Tomorrow’s Engineers Week (#TEWeek18) takes place from 5-9 November 2018 and aims to change perceptions of engineering among young people, their parents and teachers and to inspire future engineers. Tomorrow’s Engineers Week is led by EngineeringUK. To find out how to get involved, visit www.tomorrowsengineers.org.uk/teweek
EngineeringUK is a not-for-profit organisation, which works in partnership with the engineering community to promote the vital role of engineers and engineering and to inspire the next generation. EngineeringUK leads engagement programmes The Big Bang and Tomorrow’s Engineers, and produces the annual Engineering UK State of Engineering report. For more information, visit www.engineeringuk.com
The Big Assembly
The Tomorrow’s Engineers Week Big Assembly will be hosted live at 10:30am on 7 November and then available for download. The Tomorrow’s Engineers Week Big Assembly gives young people the chance to hear directly from engineering professionals about their work, their inspiration and route into the industry. And there’s the opportunity to get involved live via social media. Schools can register to take part at www.bigassembly.org
The Tomorrow‘s Engineers Week Big Assembly is sponsored by BCS, ICE, IET, IMechE and Year of Engineering and supported by other professional institutions.
About BCS: www.bcs.org
BCS, the Chartered Institute for IT recognised many years ago the need to ensure a high quality teaching experience for young people, but also recognised that there was often little in the way of support for computing teachers in schools. That’s why it established the Computing At School (CAS) network in 2008. CAS is a free to access peer-to-peer on-line support network. As well as providing access to more than 6,500 free, relevant teaching resources, teachers are able to share experiences and ask for help, guidance and advice. This all helps our aim of making sure that CAS is at the forefront of providing thought leadership to the CAS Community and beyond so that CAS continues to be the principal point of contact for teachers of computing and computing science.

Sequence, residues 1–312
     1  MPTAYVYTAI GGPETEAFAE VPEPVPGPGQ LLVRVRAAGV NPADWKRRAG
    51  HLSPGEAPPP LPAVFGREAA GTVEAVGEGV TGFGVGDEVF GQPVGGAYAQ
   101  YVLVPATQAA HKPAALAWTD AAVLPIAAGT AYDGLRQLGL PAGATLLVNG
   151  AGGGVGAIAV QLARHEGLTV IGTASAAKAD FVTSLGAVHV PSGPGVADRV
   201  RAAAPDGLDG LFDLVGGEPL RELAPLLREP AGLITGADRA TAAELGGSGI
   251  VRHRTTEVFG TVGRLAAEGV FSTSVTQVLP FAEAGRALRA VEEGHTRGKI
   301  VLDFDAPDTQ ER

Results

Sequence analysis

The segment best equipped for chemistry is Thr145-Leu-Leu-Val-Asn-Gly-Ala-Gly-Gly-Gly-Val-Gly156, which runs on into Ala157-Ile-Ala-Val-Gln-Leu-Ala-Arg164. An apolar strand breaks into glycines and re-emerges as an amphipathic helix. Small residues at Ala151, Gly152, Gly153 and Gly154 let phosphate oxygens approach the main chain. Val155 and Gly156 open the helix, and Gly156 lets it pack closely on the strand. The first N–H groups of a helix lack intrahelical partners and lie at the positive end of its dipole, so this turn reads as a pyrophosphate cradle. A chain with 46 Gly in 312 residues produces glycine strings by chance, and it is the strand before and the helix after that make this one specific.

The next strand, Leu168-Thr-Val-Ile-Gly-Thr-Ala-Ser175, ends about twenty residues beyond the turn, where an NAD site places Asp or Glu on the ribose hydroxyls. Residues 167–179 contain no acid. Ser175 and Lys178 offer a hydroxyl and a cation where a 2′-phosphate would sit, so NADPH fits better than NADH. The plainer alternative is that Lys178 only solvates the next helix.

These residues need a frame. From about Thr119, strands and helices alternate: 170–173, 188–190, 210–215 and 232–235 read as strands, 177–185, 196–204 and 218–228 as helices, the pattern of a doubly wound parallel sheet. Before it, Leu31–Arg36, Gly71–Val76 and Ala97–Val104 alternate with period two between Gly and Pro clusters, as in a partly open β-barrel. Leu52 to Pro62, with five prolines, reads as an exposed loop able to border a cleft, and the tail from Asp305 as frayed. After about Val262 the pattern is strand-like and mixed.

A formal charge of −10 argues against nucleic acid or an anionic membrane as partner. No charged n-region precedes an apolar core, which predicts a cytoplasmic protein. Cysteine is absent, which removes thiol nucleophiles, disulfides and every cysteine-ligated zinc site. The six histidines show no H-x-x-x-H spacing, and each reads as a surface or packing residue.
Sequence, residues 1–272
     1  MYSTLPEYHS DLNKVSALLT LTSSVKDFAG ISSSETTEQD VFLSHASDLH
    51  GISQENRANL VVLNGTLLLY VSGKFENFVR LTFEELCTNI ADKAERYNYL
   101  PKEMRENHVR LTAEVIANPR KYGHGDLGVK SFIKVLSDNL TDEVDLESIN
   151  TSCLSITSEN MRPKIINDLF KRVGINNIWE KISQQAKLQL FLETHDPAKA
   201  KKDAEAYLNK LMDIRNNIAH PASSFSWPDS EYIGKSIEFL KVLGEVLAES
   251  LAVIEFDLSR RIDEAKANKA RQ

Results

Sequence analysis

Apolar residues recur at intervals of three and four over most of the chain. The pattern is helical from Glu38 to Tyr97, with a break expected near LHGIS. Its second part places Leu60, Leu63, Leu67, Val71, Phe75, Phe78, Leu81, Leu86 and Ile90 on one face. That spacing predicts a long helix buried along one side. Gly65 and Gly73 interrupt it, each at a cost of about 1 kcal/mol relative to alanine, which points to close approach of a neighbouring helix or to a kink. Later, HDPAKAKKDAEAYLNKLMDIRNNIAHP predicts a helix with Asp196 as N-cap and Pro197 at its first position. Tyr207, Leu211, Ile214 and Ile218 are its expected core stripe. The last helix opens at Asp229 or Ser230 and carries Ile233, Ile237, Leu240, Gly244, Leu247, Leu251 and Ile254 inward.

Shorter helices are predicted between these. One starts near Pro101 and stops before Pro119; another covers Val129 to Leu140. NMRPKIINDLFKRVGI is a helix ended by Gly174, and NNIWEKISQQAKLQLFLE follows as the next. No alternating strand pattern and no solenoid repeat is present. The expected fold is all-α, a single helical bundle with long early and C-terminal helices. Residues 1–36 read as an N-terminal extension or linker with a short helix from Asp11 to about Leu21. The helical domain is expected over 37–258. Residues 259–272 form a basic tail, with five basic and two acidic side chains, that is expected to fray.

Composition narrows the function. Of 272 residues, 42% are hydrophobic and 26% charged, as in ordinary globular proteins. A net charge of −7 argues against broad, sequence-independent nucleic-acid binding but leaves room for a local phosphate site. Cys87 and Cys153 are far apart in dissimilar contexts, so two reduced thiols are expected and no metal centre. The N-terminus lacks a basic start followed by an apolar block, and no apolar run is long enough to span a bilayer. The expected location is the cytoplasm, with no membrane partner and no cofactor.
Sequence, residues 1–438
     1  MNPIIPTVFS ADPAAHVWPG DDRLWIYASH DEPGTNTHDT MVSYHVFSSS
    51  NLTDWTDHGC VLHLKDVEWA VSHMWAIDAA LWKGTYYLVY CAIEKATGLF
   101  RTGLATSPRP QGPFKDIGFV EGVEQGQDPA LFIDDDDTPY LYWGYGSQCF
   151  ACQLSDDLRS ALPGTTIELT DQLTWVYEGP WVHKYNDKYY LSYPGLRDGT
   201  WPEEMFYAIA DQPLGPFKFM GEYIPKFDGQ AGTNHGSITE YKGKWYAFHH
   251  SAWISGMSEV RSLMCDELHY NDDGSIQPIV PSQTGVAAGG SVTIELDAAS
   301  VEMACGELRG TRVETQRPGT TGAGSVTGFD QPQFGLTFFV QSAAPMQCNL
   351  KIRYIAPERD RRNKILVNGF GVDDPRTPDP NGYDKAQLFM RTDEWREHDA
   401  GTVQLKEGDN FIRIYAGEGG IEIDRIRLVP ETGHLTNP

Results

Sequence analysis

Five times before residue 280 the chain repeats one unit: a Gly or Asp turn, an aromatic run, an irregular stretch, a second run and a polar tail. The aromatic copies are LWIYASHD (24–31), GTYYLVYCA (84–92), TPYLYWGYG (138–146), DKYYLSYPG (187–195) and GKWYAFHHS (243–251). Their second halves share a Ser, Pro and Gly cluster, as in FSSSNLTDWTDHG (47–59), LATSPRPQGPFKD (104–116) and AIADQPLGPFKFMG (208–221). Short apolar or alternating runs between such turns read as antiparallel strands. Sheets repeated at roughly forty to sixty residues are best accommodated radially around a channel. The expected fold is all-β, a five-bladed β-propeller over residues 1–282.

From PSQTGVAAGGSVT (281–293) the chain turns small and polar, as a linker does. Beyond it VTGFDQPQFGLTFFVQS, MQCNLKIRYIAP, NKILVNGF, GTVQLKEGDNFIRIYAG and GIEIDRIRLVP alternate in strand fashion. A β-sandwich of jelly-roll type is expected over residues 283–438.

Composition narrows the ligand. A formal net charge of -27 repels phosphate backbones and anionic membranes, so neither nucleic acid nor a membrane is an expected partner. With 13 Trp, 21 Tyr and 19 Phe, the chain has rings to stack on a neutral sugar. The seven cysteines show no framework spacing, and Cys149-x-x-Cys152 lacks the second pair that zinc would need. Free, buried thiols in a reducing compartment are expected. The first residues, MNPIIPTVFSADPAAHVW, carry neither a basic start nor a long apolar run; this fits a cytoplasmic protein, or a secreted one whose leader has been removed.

About Institution of Civil Engineers: www.ice.org.uk
The Institution of Civil Engineers (ICE) qualifies professionals engaged in civil engineering, exchanges knowledge and best practice, and promotes their contribution to society. ICE members help to create the structures and systems that sustain society and shape the world. They are responsible, for example, for designing, building, maintaining and improving bridges, roads, canals, hospitals, schools, airports, power stations and railways.
About Institution of Mechanical Engineers: http://www.imeche.org/
The Institution of Mechanical Engineers was established in 1847 and has some of the world’s greatest engineers in its history books. It is one of the fastest growing professional engineering institutions. Headquartered in London, we have operations around the world and over 117,000 members in more than 140 countries working at the heart of the most important and dynamic industries such as the automotive, rail, aerospace, medical, power and construction industries.
About Institution of Engineering and Technology (IET): www.theiet.org
The Institution of Engineering and Technology (IET) is one of the world’s largest engineering institutions with over 169,000 members in 150 countries. We are also the most multidisciplinary to reflect the increasingly diverse nature of modern engineering.
About Year of Engineering: www.yearofengineering.gov.uk/
The Year of Engineering is a government campaign, which celebrates the world and wonder of engineering. It also forms an important part of our Industrial Strategy which is committed to boosting engineering across the UK, ensuring everyone has the skills needed to thrive in a modern economy.